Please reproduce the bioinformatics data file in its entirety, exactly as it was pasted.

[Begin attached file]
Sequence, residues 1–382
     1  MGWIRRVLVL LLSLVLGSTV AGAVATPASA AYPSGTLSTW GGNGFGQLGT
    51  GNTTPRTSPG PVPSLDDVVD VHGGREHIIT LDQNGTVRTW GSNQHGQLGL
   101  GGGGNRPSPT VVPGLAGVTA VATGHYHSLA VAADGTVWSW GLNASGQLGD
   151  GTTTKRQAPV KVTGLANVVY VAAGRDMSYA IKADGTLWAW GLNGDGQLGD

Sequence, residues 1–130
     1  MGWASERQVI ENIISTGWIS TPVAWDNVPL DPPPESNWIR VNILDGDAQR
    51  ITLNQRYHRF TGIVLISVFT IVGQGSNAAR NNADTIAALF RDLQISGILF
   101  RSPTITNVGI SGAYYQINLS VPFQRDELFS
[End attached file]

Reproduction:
Sequence, residues 1–382
     1  MGWIRRVLVL LLSLVLGSTV AGAVATPASA AYPSGTLSTW GGNGFGQLGT
    51  GNTTPRTSPG PVPSLDDVVD VHGGREHIIT LDQNGTVRTW GSNQHGQLGL
   101  GGGGNRPSPT VVPGLAGVTA VATGHYHSLA VAADGTVWSW GLNASGQLGD
   151  GTTTKRQAPV KVTGLANVVY VAAGRDMSYA IKADGTLWAW GLNGDGQLGD

Sequence, residues 1–130
     1  MGWASERQVI ENIISTGWIS TPVAWDNVPL DPPPESNWIR VNILDGDAQR
    51  ITLNQRYHRF TGIVLISVFT IVGQGSNAAR NNADTIAALF RDLQISGILF
   101  RSPTITNVGI SGAYYQINLS VPFQRDELFS